Christopher Lee Rios (November 10, 1971 – February 7, 2000), better known by his stage name Big Pun (short for Big Punisher), was a Puerto-Rican American rapper who emerged from the underground rap scene in The Bronx in the late 1990s. He first appeared on albums from The Beatnuts, on the track “Off the Books” in 1997, and on Fat Joe’s second album Jealous One’s Envy in 1995, on the track “Watch Out”, prior to signing to Loud Records as a solo artist. Pun’s lyrics are notable for technical efficiency, having minimal pauses to take a breath, heavy use of alliteration as well as internal and multi-syllabic rhyming schemes. Big Pun died of a heart attack at age 28. About.com ranked him #25 on its list of the 50 Greatest MCs of Our Time (1987 – 2007).
Sometime during the ’80s, he began to write rap lyrics, forming the Full-A-Clips crew with Triple Seis, and Cuban Link who was at the time named “Lyrical Assassin”. At this point Big Pun was operating under the alias Big Moon Dawg. Rios met fellow Puerto Rican and Bronx rapper Fat Joe in 1995 and made his commercial debut on Joe’s second album, Jealous One’s Envy, in addition to appearing on a b-side to Joe’s “Envy” single, “Fire Water.”
Later, “I’m Not a Player” (featuring an O’Jays sample) was supported by a significant advertising campaign and became an underground hit.
In 1997, producer Knobody’s production partner Sean C took advantage of his new role as A&R at Loud Records to play Knobody’s tracks to Big Pun. Suitably impressed the rapper hired Knobody to remix “I’m Not a Player”. The remixed song, featuring Joe and titled “Still Not a Player,” became Big Pun’s first major mainstream hit and major breakthrough for Knobody. The full-length debut Capital Punishment followed in 1998, and became the first album by a solo Latino rapper to go platinum, peaking at #5 on the Billboard 200. Capital Punishment was also nominated for a Grammy. Pun’s second album ” Yeeeah Baby”, although not as successful as his first also went platinum producing two solid hits in “it’s So Hard” and “100%”.
Big Pun became a member of Terror Squad, a New York-based group of rappers founded by Fat Joe, with most of the roster supplied by the now-defunct Full a Clips Crew who released their debut album The Album in 1999. The album didn’t fare well commercially but it was well received critically and the album was meant to start the foundation for all other terror squad members to release their solo projects.
Artist bio licensed under GFDL from Wikipedia.
Don’t sleep on the new fire from Ledisi. This woman can blow!
When I first got the Ledisi promos from the record pool, I initially thought that is was a female group due to the vocal variations from track to track. But I was wrong; it’s the diverse voice of a sexy, sultry black woman named Ledisi Anibade Young – American singer-songwriter and actress.
Ledisi Young (her given name meaning “to bring forth” in Nigerian) was born in the Big Easy, where she sang with the New Orleans Symphony Orchestra when she was eight years old and spent many adolescent hours watching her mother perform with a local R&B band, often in a nearby park. After the family relocated to Oakland, California, Ledisi followed her mother’s lead and sang in a local band, but left to form her own identity and her own group. She became widely noted for her performances in Beach Blanket Babylon, a long-running San Francisco-based cabaret featuring song parodies, celebrity impersonations, and enormous hats; she got the gig after being nominated for a Shellie Award in 1990 for her role as Dorothy in a local version of The Wiz.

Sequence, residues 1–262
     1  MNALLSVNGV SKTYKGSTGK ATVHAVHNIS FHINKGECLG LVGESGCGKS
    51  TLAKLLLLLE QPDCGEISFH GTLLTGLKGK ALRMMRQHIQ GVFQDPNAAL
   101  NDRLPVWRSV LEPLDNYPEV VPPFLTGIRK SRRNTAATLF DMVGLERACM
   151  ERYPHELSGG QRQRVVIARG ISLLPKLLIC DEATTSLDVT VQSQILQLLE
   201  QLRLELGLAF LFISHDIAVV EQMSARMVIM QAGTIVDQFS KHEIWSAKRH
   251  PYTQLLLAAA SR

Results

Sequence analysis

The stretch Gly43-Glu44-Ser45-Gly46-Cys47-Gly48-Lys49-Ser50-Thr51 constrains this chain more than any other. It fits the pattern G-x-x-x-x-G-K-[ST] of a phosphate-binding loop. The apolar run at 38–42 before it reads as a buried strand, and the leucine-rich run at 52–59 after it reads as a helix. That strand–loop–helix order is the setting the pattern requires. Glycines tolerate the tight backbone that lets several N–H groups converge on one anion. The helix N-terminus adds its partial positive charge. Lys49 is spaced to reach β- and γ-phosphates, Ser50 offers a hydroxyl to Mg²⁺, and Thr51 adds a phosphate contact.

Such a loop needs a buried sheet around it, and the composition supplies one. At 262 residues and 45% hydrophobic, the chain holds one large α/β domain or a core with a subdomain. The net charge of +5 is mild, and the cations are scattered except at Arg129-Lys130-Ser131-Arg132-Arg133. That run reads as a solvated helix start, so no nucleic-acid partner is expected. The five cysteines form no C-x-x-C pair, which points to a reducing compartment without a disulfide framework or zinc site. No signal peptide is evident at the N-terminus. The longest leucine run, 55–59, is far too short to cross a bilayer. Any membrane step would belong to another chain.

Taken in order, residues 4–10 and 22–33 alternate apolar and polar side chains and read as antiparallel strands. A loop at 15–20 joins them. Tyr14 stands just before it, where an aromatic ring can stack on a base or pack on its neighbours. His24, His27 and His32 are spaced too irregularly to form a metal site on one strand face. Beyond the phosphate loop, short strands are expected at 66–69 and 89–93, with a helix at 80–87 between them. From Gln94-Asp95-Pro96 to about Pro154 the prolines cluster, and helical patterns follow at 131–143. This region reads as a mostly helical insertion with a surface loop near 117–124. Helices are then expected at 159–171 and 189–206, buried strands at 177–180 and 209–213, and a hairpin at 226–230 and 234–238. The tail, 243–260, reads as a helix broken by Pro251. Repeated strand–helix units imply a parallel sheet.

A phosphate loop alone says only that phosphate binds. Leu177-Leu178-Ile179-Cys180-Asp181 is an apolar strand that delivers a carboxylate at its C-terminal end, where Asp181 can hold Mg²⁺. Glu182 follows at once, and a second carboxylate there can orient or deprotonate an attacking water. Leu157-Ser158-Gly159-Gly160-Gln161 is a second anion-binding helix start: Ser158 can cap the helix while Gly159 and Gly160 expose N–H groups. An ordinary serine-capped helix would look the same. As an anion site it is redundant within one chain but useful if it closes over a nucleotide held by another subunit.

She later formed Anibade (Ledisi’s middle name), which depending on what you read, means “to bring forth luck” or “my mother is great” in Yorubu. The band featured Sundra Manning (keyboards and chief songwriter), Cedricke Dennis (guitar), Nelson Braxton (bass), Wayne Braxton (saxophone), and Tommy Bradford (drums); while the lineup was similar to Chaka Khan & Rufus, the sound — on record anyway — is mellower than Rufus’ energized, excellently engineered sounds, sometimes fusing R&B, hip-hop, urban, jazz, and funk in the same pot. Ledisi and her band built a hot reputation in the Bay area at local clubs such as Bruno’s, The Black Cat, and Rasselas. Fans kept asking about a record, so the band cut a demo, “Take Time,” that radio station KMEL aired and received a good response; this prompted Ledisi to seek a deal with major recording companies, all of which praised and turned her down in the same breath. Frustrated but not thwarted, Ledisi cut the critically acclaimed Soulsinger and released it on LeSun Records (owned by Ledisi and Manning) on January 1, 2000. “Papa Loved to Love Me” — a personal account of a father sexually abusing his daughter — is one of the CD’s most riveting and controversial tracks.
You can follow my conversation with Ledisi on Twitter @realdjvybe or @ledisi on Twitter.com.
Artist bio licensed under GFDL from Wikipedia.